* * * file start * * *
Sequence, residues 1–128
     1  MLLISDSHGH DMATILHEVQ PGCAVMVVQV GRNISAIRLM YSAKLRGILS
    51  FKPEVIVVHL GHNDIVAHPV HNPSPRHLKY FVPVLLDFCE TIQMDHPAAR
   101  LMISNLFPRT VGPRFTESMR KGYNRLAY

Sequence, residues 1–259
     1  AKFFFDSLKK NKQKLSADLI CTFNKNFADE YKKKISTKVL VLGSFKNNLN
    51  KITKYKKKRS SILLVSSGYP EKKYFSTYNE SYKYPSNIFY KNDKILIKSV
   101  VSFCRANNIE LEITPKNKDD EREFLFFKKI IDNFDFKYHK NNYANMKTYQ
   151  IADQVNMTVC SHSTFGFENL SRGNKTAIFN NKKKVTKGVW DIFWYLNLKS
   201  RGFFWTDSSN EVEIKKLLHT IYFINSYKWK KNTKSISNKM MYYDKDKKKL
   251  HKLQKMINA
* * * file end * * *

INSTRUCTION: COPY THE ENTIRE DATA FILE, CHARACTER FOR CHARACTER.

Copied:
Sequence, residues 1–128
     1  MLLISDSHGH DMATILHEVQ PGCAVMVVQV GRNISAIRLM YSAKLRGILS
    51  FKPEVIVVHL GHNDIVAHPV HNPSPRHLKY FVPVLLDFCE TIQMDHPAAR
   101  LMISNLFPRT VGPRFTESMR KGYNRLAY

Sequence, residues 1–259
     1  AKFFFDSLKK NKQKLSADLI CTFNKNFADE YKKKISTKVL VLGSFKNNLN
    51  KITKYKKKRS SILLVSSGYP EKKYFSTYNE SYKYPSNIFY KNDKILIKSV
   101  VSFCRANNIE LEITPKNKDD EREFLFFKKI IDNFDFKYHK NNYANMKTYQ
   151  IADQVNMTVC SHSTFGFENL SRGNKTAIFN NKKKVTKGVW DIFWYLNLKS
   201  RGFFWTDSSN EVEIKKLLHT IYFINSYKWK KNTKSISNKM MYYDKDKKKL
   251  HKLQKMINA